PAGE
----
Wine and the basic tastes
There are endless things to learn about wine. Grapes can develop up to 200 flavor compounds which make this liquid more or less suitable for different dishes, but if you set out only with your palates 5 basic tastes this is – according to pros in outstanding kitchens as well as in outstanding research laboratories – what it's all about:
Wines described as "fresh" or "acidic" probably go well with:
• Acidic food. Since the acidity in the wine minimises the clash between flavors, the acidity (in the food as well as in the wine) is experienced as less intense.
• Spicy food. The experienced heat in the food (which varies from one individual to another) is somewhat reduced.
• DO NOT serve these wines with sweet food since they can make the experience of sweetness overpowering.
• A typical grape in this category is (white) Sauvignon Blanc.
Wines with a bitter, "grippy" or "astringent" character should pair with:
• Acidic food. The sourness in one can subdue the experience of sourness in the other. Bitter and sour happen to be friends (an example of this is lemon with smoked fish).
• Salty food. The experience of saltiness in the food can be somewhat tempered by these tastes/mouth feels.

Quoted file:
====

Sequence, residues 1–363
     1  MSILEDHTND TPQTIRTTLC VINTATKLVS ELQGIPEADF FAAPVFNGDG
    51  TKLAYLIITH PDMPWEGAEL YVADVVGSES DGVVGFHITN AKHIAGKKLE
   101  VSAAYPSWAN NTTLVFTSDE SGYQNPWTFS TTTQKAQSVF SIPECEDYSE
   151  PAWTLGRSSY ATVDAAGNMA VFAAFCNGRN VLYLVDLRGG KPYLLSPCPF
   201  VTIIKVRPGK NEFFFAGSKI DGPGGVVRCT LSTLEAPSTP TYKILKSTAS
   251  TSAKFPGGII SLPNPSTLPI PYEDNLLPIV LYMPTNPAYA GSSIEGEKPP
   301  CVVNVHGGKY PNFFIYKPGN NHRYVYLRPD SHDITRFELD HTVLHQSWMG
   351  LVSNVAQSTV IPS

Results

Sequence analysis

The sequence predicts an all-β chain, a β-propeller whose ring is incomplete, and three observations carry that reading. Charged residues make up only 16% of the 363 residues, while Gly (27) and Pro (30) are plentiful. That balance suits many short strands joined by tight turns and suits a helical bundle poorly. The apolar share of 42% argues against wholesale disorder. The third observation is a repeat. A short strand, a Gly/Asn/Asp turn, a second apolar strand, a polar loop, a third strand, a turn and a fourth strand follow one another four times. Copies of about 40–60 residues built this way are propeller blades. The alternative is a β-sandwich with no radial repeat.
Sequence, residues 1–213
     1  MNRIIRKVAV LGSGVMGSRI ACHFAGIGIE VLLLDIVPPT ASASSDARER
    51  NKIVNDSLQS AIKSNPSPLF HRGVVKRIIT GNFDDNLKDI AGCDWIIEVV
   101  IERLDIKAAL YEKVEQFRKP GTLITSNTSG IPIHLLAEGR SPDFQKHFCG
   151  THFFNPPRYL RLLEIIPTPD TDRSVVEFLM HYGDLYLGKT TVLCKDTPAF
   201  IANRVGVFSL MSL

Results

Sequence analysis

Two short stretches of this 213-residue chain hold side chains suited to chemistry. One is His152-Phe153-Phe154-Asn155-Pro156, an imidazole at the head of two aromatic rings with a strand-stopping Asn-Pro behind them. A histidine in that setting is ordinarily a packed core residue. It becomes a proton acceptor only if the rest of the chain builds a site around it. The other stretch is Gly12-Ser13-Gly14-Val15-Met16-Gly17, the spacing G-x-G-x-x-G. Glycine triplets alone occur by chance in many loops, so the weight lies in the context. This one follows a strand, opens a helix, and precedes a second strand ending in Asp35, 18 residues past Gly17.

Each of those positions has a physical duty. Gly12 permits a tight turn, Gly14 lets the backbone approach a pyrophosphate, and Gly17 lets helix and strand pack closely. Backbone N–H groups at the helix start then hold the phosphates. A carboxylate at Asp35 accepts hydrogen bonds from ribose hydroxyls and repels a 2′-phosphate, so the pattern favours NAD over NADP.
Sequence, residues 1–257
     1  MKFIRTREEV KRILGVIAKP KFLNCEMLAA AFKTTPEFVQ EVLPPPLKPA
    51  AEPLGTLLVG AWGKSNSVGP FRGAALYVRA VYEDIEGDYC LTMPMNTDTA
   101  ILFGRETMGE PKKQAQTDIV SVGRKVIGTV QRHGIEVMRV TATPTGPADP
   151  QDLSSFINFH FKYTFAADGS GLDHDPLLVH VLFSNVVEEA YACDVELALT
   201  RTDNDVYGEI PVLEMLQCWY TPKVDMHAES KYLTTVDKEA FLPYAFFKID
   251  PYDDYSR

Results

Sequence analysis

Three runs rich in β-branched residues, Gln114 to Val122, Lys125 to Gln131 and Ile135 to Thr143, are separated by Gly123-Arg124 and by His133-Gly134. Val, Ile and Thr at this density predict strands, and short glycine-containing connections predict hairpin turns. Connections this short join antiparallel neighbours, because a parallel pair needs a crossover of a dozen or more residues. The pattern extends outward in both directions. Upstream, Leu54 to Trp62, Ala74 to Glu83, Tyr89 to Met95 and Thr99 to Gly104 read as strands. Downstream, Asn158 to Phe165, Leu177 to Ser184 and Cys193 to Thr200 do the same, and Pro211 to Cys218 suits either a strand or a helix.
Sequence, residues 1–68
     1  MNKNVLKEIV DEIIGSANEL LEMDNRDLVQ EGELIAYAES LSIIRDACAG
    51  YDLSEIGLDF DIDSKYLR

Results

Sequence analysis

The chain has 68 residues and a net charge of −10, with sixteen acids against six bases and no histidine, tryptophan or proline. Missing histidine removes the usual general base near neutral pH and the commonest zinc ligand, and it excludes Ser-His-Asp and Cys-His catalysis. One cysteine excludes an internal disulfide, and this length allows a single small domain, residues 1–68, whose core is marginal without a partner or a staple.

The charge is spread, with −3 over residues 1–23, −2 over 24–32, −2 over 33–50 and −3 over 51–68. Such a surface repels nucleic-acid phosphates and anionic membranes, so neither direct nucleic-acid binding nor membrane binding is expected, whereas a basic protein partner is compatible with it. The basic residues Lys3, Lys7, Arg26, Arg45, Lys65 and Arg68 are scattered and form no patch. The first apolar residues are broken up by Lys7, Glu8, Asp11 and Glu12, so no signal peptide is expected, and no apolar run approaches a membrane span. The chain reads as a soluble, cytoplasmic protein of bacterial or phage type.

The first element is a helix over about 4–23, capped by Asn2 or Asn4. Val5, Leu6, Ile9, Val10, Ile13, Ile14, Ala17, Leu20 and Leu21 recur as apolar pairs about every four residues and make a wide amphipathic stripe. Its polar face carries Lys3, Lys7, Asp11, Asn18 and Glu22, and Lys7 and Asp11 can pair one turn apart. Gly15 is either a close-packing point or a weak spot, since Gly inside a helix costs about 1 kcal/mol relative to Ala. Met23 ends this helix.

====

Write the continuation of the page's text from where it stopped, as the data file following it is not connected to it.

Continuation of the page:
• DO NOT serve these wines with bitter food. Both food and wine will go overboard and your lips and tongue will pucker up...
• DO NOT serve these wines with sweet food, which will be experienced as even sweeter.
• A typicla grape in this category is (red) Cabernet Sauvignon.
Semi-dry and sweet (dessert)wines go well with:
• Food with pronounced saltiness. An example of this is port wine that goes beautifully with sharp, salty blue cheeses.
• Sweet food, desserts. If the wine is as sweet as the food, both are experienced as less sweet – and more tasty.
• Spicy food. The heat in the food tempers the sweetness, and the sweetness in the wine tempers the heat.
• DO NOT serve sweet wine with acidic or bitter food. Both of the latter basic tastes are part of our "alarm system". The sweetness in the wine can make them an unpleasant experience.
• In this category the sugar content of the grape is of more importance than the type of grape.